I had to visit the university today, because I needed to look at a book in the library. Leaving the university premises, I noticed a poster for a lecture by spiritual guru Andrew Cohen, leader of the so called EnlightenNext cult. (The picture to the right shows a part of this poster.) It takes place tonight, ie, the evening of April 14. More information here. It’s all about self-esteem, ‘finding yourself’, spiritual awakening and transformation. Or so it seems. The subtitle of the Swedish website, and also the international motto of the movement, reads: ‘Evolution of consciousness and culture’. I assume it’s not a big thing in Sweden, but have to admit I don’t know. It’s the first time I’ve seen their activities advertised; curiously at, of all places, the university. This wasn’t the only poster with questionable content. Apparently the students’ organisation — whose billboard it is (I think) — allows anything, even blatant woo with scant academic relevance.
Although this may not seem like a dangerous religious cult, it’s definitely a controversial spiritual cult; it doesn’t advertise itself as a cult, obviously, but which cult does?
One website pointing to the dangers of Andrew Cohen’s cult is American Guru, which is also the title of a book written by William Yenner, once a member. John Horgan, who was not a member but met Cohen and interviewed him, wrote:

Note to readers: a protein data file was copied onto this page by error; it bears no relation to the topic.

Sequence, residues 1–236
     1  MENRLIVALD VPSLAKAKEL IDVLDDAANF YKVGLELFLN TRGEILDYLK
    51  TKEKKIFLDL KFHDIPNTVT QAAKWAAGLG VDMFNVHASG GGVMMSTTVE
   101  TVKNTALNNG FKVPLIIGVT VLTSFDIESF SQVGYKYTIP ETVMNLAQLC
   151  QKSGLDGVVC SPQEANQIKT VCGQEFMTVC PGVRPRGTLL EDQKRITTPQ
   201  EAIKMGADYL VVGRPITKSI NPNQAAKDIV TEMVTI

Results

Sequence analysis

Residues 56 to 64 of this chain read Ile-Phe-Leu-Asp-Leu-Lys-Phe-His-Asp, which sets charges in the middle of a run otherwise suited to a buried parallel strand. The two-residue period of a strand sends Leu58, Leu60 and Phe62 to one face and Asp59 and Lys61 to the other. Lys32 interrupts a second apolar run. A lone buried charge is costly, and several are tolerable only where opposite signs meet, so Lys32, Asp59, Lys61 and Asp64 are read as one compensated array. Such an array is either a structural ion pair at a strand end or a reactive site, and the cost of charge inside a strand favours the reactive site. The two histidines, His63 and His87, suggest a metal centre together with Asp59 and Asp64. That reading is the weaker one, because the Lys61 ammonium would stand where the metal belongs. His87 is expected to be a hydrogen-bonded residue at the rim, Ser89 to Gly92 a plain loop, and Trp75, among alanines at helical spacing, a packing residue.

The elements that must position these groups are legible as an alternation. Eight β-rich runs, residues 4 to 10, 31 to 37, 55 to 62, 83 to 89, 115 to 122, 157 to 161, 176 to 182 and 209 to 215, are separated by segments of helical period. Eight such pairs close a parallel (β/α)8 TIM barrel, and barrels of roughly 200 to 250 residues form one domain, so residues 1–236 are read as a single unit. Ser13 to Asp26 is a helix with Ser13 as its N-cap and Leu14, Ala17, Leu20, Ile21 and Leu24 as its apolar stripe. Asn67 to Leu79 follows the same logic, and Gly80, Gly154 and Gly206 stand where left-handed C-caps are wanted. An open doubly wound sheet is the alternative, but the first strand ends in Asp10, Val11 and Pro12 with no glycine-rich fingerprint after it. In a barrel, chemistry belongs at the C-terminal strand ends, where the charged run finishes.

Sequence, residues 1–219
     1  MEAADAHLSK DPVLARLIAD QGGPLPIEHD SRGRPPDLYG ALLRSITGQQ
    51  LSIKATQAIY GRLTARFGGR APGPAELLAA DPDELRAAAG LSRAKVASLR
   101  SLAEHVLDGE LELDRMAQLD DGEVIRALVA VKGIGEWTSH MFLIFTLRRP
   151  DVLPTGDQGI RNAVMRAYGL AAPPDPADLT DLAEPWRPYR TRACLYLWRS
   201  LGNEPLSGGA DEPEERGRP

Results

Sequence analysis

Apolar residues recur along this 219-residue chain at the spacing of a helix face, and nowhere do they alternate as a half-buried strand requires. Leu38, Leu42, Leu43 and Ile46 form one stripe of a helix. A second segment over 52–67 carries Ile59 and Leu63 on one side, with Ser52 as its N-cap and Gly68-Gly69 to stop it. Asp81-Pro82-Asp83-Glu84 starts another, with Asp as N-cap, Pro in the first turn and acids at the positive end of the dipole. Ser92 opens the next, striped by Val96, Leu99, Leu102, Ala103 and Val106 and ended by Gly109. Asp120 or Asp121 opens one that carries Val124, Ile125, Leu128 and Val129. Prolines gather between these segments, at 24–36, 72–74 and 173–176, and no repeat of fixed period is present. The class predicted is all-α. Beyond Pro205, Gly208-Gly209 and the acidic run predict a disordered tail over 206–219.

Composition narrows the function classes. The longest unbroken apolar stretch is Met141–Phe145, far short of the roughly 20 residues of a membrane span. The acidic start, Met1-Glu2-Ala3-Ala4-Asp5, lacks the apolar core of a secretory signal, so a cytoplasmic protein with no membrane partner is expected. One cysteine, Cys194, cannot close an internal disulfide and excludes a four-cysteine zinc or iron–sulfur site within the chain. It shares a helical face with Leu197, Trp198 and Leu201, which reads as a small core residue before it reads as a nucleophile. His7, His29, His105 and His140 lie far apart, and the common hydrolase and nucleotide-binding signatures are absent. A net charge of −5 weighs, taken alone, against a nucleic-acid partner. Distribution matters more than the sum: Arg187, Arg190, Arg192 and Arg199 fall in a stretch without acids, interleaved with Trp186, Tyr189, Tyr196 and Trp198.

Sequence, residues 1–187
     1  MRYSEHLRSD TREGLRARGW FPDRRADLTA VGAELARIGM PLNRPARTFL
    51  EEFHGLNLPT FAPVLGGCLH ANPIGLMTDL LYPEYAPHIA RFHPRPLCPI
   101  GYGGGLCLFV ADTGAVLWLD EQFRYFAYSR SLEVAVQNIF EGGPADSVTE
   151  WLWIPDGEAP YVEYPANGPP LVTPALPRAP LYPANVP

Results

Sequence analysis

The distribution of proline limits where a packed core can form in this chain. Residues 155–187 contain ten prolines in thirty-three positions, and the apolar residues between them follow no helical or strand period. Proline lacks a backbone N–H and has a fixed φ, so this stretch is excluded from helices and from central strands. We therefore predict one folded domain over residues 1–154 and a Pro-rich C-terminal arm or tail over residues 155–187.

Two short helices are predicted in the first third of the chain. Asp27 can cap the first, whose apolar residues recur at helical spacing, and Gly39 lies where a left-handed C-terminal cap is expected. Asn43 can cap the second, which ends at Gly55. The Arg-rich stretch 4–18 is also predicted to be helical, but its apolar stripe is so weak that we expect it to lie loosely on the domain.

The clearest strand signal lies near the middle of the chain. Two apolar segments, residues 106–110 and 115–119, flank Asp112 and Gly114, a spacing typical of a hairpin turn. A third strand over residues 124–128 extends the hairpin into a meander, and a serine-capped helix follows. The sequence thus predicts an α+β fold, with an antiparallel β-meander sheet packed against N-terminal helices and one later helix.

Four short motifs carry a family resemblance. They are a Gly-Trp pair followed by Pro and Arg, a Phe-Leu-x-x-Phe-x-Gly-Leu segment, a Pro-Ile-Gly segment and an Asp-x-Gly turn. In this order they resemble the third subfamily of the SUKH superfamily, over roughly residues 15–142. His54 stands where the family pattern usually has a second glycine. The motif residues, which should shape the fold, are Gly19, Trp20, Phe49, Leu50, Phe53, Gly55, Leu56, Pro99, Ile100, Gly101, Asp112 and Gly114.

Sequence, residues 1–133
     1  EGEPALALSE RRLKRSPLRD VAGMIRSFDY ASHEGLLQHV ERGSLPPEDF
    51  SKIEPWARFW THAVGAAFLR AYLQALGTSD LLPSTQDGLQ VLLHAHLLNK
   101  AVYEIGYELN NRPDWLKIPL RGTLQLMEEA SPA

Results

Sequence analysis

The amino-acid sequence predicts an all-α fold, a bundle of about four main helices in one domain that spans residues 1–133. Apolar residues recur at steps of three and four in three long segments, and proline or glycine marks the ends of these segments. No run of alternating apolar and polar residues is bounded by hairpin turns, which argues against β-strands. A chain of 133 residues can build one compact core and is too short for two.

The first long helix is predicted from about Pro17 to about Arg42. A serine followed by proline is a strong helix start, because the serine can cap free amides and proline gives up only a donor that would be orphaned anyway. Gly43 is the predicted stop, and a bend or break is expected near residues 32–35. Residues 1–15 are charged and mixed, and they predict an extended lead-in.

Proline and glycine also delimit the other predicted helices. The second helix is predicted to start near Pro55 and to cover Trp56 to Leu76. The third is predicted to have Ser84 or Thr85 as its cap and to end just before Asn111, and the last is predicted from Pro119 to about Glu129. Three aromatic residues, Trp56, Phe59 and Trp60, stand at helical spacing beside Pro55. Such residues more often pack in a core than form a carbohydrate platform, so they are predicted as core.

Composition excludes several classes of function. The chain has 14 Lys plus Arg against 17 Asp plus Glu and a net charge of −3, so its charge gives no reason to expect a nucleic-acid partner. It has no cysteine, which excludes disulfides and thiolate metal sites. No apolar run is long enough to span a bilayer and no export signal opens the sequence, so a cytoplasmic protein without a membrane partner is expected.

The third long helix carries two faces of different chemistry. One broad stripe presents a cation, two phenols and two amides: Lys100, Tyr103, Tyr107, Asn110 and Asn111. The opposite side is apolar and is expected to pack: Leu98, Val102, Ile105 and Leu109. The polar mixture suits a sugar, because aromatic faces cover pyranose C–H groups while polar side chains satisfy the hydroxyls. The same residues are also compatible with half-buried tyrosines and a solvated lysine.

Cohen describes enlightenment as a form of not-knowing. And yet his guruhood, his entire life, revolves around his belief in—his knowledge of–his own unsurpassed perfection. To borrow a phrase, Cohen is a super-egomanic. His casual contempt for us ordinary, egotistical humans is frightening, as is his belief that, as an enlightened being who has transcended good and evil, he can do no harm. Cohen may not be a monster, as his mother claims, but he has the capacity to become one. If Cohen settled for being human instead of perfect, he’d probably be a better teacher, and a better man.
I’m not sure whether there are any connections between Swedish anthroposophists and Cohen’s group, but a relationship has evolved between some circles of German anthroposophists and EnlightenNext. This isn’t uncontroversial either; some anthroposophists object to it (for good reasons). Read these posts, for examples; many deal in one way or another with Cohen and his followers.
Even the leaders in Dornach seem open to collaboration with EnlightenNext; recently, the EnlightenNext movement’s German leader, Tom Steininger, made an internet-radio interview with anthroposophist and executive council member Bodo von Plato (the interview is/was available online, but sound quality was unfortunately utterly bad, and I couldn’t stand listening to it).
Anyway, the Swedish EnlightenNext group calls itself ‘Evolutionärer’ (‘evolutionists’) and this is the presentation they offer on their Facebook group (sorry Swedish):
Inget folk har någonsin varit mer individualiserade/jag-fixerade än vi svenskar idag. Samtidigt verkar fler och fler inse att nästa utvecklingssteg handlar om att med denna fantastiska självständighetsmuskel lyckas komma samman och mötas i ett högre “vi” – från Världcentrism till Kosmocentrism.
So, we’re waiting for the next epoch. And need a guru to lead us to it, apparently.